Newspaper article Pittsburgh Post-Gazette (Pittsburgh, PA)

Emancipation Observance to Open State Museum Exhibit

Newspaper article Pittsburgh Post-Gazette (Pittsburgh, PA)

Emancipation Observance to Open State Museum Exhibit

Article excerpt

Historian Harold Holzer says it's no accident that the last five American presidents -- three Republicans and two Democrats -- were big admirers of Abraham Lincoln.

"Lincoln's appeal is a unique combination of someone who was able to express in sublime language why democracy and equality were worthy ideals and who personally lived the American dream," Mr. Holzer said. "He went from a log cabin to the White House. America promises that opportunity, and Lincoln took advantage of it.

"His words and his life continue to resonate with us."

Mr. Holzer will be the featured speaker Friday at the opening of a new exhibit at The State Museum of Pennsylvania in Harrisburg called "Emancipation: Lincoln and His Proclamation." Visitors will see a rare copy of the famous executive order, signed by Lincoln, that freed all slaves living in the Confederate states.

This month marks the 150th anniversary of the proclamation.

"It was a controversial act at the time," historian Rick Beard said of Lincoln's decision. Conflicting reactions are reflected in two letters from Union soldiers that are part of the museum exhibit.

One soldier writes of his renewed admiration for "Father Abraham" and his willingness to continue to fight in the war.

"In another letter, a soldier writes that Lincoln is a despot and all he cares about is Negroes -- but he uses a much more objectionable term," Mr. Beard said.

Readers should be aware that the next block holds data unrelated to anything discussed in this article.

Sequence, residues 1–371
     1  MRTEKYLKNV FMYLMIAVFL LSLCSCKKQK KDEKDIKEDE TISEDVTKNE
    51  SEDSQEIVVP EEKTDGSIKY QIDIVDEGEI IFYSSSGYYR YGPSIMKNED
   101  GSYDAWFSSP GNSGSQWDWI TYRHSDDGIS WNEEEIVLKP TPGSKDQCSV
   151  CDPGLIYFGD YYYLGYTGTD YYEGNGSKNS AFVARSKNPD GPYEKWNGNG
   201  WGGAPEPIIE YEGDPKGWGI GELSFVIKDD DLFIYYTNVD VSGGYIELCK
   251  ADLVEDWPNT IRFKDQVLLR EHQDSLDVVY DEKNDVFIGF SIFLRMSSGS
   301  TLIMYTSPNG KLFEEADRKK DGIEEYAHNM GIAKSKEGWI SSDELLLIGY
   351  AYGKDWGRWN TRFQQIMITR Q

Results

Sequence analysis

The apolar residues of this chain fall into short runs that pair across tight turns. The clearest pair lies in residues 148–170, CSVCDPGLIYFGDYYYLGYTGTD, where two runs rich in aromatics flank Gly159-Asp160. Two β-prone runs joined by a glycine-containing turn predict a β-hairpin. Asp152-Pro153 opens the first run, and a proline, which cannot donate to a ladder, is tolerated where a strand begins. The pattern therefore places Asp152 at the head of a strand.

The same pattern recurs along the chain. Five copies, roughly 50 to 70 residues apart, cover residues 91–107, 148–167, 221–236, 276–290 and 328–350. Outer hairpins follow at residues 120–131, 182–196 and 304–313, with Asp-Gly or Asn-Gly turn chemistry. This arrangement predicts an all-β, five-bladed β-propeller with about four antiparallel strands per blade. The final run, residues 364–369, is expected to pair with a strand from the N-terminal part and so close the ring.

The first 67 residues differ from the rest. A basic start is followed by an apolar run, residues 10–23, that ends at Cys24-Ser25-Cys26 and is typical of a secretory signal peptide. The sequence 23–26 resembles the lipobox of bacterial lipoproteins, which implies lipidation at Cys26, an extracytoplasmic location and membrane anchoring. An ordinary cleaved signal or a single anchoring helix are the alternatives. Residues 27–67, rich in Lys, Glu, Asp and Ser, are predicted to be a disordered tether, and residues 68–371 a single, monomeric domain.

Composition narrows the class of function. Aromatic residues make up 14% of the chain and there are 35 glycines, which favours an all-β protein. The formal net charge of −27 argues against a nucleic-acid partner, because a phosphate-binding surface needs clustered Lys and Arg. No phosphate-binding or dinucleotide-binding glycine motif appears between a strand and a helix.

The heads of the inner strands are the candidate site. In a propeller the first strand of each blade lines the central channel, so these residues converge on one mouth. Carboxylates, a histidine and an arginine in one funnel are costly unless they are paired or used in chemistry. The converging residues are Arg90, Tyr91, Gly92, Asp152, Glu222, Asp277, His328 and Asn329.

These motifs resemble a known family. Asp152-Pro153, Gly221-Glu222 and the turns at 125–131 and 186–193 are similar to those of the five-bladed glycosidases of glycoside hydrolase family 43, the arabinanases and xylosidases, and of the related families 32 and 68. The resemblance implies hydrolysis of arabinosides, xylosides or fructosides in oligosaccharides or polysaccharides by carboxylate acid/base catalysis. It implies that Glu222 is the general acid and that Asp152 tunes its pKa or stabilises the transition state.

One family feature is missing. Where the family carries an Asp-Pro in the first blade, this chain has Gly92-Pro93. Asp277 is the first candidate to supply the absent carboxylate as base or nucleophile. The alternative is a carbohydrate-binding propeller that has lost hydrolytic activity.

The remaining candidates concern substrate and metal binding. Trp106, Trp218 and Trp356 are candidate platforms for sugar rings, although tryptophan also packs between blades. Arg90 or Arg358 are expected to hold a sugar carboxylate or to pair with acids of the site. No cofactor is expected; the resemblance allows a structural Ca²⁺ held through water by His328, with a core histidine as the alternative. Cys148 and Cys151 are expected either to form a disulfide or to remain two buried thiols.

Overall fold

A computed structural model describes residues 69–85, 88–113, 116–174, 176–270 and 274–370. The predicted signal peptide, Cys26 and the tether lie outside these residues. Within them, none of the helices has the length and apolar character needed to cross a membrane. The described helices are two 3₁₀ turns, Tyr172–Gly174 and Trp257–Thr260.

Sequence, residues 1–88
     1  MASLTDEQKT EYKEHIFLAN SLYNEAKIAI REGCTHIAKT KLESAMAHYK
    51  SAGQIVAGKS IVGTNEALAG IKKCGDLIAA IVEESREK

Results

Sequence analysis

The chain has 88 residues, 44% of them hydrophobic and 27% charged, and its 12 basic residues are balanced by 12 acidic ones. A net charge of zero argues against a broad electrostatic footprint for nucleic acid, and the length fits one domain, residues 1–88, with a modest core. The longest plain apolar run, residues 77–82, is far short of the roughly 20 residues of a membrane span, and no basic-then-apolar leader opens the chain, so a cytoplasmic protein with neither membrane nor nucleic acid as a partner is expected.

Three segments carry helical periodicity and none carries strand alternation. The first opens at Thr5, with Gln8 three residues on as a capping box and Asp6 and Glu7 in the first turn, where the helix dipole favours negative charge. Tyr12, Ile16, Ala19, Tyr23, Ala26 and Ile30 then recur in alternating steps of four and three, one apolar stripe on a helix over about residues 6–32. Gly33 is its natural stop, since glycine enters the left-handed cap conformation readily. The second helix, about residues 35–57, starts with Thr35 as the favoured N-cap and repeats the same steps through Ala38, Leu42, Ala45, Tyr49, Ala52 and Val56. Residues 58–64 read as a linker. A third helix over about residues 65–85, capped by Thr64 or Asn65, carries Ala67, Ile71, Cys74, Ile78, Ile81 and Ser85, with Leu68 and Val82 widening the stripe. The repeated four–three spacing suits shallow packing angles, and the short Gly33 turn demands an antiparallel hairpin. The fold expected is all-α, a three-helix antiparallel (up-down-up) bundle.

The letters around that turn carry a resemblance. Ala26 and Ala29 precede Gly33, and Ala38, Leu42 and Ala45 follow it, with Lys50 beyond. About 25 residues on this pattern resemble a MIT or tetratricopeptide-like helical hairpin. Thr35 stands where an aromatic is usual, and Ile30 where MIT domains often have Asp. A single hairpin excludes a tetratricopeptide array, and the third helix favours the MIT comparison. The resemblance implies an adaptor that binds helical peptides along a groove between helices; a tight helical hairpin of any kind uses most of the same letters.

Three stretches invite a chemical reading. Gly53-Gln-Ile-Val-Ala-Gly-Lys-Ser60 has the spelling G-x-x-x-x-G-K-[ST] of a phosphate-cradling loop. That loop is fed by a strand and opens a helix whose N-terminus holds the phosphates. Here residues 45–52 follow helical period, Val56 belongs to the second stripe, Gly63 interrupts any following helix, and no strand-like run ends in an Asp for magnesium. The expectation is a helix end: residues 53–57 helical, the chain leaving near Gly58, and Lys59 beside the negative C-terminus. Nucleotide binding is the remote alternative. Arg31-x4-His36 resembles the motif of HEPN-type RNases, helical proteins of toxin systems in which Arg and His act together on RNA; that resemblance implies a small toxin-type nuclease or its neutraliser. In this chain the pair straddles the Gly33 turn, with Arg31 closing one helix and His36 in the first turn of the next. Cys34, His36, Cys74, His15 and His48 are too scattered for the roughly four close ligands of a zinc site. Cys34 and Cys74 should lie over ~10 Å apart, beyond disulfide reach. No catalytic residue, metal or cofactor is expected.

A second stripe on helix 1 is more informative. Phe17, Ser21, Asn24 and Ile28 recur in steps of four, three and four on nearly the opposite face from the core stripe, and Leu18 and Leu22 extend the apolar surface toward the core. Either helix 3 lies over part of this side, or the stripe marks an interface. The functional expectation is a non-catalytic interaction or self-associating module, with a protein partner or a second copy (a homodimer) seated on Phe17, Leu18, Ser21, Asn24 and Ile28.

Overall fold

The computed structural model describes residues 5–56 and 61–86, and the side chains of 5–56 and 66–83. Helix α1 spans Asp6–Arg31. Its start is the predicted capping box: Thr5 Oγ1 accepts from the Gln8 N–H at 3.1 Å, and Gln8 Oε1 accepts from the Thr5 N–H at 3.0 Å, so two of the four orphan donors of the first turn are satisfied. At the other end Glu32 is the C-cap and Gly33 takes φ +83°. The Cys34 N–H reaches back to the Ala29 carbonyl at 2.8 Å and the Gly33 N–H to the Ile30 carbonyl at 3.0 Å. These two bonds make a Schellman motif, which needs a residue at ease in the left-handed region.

"He wrote that he hoped the rebels would burn Harrisburg to alert the North about all the bad things Lincoln had been doing."

Mr. Beard is senior adviser to Pennsylvania Civil War 150, which is coordinating the state's sesquicentennial commemoration of the nation's bloodiest conflict.

The exhibit also includes satirical cartoons, drawings and engravings, almost all of which come from the state museum's archives.

One item is a color lithograph of the 1864 Great Central Sanitary Fair in Philadelphia. Similar fairs were held during the war in other northern cities, including Pittsburgh, to raise funds for the care of wounded and sick Union soldiers.

Organizers of the Philadelphia event had printed 48 copies of the Emancipation Proclamation, and Lincoln agreed to sign them as a fundraising project. Secretary of State William Seward and one of Lincoln's private secretaries, John Nicolay, also signed the documents.

They were then sold for $10 each, the equivalent of at least $148 in modern currency.

The copy included in the state museum exhibit is on short-term loan from The Union League of Philadelphia, a private club.

Mr. Holzer will make his presentation at 7:30 p.m. Friday. The free program will center on his book, "Emancipating Lincoln: The Proclamation in Text, Context and Memory." The event is sponsored by the Pennsylvania Heritage Foundation and includes a preview of the exhibit. …

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